• Visualization or Guided Imagery (can be SQ, SU; and sometimes E)
  • Yoga meditation (Yogic Hindu Spirituality) (E)

Some practices are more dangerous than others, such as reiki which I have written about in my previous post, The Dangers And Deception Of Reiki: A Counterfeit To Christian Healing.

The one common thread running throughout all these New Age alternative treatments and practices is a departure from faith in God. Whether someone does this knowingly or unknowingly, what is at the core of New Age practices is an alternative to God's authority. This is simply an extension of the New Age itself, an alternative thinking, and very different world view to Christianity. For further details on the New Age world view, in addition to my aforementioned basic introduction to the New Age, may I also recommend two of my posts: The New Age: Further Aspects and The New Age: The Human Person, God and The World.

We all want to be in good health, and have it abundantly. We can seek healing for our ailments properly, and avoid the New Age deception of its counterfeit healing as this post has detailed. Our decisions should respect God's authority, and reflect a personal trust in His will for our lives. So many want to bypass God's authority, and seek immediate healing remedies. Such decisions are contrary to God's law as the First Commandment tells us, "You shall worship the Lord your God and him only shall you serve." Any therapy or medicine that is either scientifically unproven or questionable or "energy healing" should be removed from consideration, and never accepted as a treatment. Avoid anything that involves the occult, magic or superstition, and has roots in pagan religions. Noonan and Feaster also point out that seeking good health with the use of conventional medicine is also part of an authentic approach to healing, one that cooperates with divine grace.

I would like to conclude with Father Jeremy Davie's warning regarding New Age alternative therapies and medicine. Father Jeremy Davies is an exorcist for London's Westminster Archdiocese and a co-founder, together with Father Gabriele Amorth, of The International Association of Exorcists. Noonan and Feaster have included his expert advice which I consider essential to spotlight the dangers of the demonic element of New Age practices:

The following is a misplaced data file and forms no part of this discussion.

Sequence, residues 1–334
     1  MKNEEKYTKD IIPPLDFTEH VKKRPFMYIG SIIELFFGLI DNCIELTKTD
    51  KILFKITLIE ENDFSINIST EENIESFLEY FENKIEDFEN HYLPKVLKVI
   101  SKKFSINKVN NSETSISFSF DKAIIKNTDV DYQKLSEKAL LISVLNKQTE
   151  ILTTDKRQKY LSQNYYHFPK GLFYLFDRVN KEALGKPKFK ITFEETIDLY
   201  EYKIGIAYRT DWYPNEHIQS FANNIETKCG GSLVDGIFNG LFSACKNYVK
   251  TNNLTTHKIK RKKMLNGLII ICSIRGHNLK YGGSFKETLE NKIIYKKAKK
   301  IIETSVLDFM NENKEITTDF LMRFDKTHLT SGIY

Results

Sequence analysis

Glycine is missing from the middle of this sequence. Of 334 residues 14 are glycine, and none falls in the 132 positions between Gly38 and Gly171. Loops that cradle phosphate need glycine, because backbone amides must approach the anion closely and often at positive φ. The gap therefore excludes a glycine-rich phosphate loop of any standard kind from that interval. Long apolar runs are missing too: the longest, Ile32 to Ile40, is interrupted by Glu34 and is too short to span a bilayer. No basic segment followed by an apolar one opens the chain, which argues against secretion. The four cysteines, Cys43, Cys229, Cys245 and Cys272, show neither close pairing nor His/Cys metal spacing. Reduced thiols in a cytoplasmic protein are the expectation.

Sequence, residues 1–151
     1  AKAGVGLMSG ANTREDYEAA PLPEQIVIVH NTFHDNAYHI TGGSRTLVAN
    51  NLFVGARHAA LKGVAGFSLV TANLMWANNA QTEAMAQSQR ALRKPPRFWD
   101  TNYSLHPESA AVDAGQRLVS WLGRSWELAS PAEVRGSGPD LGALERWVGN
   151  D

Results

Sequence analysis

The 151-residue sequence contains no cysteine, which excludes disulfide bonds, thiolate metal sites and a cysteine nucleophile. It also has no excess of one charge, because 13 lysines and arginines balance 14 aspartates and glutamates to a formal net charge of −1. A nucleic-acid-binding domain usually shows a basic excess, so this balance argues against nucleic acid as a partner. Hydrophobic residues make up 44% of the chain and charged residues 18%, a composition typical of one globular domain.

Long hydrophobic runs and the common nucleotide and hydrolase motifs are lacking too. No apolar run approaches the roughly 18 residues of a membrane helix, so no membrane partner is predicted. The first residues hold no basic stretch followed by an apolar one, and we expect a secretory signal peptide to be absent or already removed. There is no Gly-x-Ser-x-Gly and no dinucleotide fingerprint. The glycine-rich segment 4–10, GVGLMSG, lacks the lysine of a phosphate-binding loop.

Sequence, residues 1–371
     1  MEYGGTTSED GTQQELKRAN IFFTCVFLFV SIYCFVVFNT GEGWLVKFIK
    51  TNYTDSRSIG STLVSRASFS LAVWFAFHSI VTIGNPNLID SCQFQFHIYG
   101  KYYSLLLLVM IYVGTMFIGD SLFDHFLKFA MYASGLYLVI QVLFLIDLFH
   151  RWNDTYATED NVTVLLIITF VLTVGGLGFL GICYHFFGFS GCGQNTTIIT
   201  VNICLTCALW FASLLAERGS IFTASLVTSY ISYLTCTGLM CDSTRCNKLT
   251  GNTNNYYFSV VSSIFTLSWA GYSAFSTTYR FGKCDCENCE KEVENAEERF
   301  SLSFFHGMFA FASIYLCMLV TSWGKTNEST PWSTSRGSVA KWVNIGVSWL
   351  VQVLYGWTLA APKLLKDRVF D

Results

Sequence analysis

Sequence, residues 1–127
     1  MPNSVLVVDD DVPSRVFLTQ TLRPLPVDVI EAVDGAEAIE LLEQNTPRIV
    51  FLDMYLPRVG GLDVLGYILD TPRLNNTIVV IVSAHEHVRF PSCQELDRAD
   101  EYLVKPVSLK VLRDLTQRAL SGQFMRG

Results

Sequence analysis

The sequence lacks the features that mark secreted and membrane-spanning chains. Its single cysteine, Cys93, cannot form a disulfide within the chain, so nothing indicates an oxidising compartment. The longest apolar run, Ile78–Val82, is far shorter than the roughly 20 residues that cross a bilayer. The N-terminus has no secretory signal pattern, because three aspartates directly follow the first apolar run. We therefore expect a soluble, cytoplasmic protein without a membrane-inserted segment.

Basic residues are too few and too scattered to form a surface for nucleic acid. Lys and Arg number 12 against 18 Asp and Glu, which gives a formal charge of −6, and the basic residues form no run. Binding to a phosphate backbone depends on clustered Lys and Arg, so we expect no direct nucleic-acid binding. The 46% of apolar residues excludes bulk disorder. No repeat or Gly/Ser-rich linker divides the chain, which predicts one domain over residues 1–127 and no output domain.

Beware of seeking help from anyone except Christ and the Catholic Church. On the physical side of things, accept, as a general rule, your doctor's advice. Don't answer advertisements of healers or physics or spiritualists, don't go to sects or cults, don't be tempted by universal energies or eastern religions or magic cures or alternative therapies or self-realization courses or psychological breakthroughs--most of them are demonic and will one make your worse. (113)
May God guide you in your discernment, protect you in your quest for the truth and grant you an abundance of good health.

Saturday, November 15, 2014

The Deception And Dangers Of Reiki: A Counterfeit To Christian Healing

Reiki body treatment

Today's post continues with my series of posts on the New Age, and is the second post based on Brother Max Sculley's book, Yoga, Tai-Chi and Reiki: A Guide For Christians, a book that I had introduced in February of this year with a blog post of the same title.

Of these three New Age practices, I decided to write about Reiki because of the ease with which people are deceived, and the widespread usage that has made Reiki a global phenomenon. If this blog post is the first time you have been alerted to the problem of the New Age, and are concerned about these practices, may I suggest you read my initial post on the New Age, The New Age: A Basic Introduction.

As to why Brother Max has included Reiki with Yoga and Tai-Chi, he explains that an enormous amount of people are flocking to these New Age practicesAt the advanced level, practitioners can acquire occult powers and even supposed divinization. At the heart of these three belief systems is the worship of an impersonal god which is so vastly different from the personal God of Christianity.

Reiki, like Yoga and Tai-Chi involves techniques aimed at producing "altered states of consciousness." These altered states of consciousness or "ASCs" are abnormal mental states created by a variety of techniques, and are at the core of New Age spirituality. Brother Max notes that "...[S]uch states are generally characterized by a significant reduction of logical thought and passivity of will." (8) This is in sharp contrast to genuine Christian mystical experiences such as visions, ecstasies or prophetic revelations, which are not generated by techniques, but occur spontaneously and unbidden by the direct action of the Holy Spirit.

If you are new to Reiki, you might be asking yourself what exactly is Reiki? Reiki is an ancient healing art, whose origins date back to a Japanese man, Mikao Usui, who discovered Reiki in 1899. Bother Max explains that most Reiki people regard Reiki as "The Source," much in the same way as Christians look to Christ. Reiki translated means universal divine source which Br. Max notes seems to stem from or at a minimum has some connection to Mikao Usui's religion of Shingon Buddhism's, whose supreme god is referred to as Universal Divine Energy.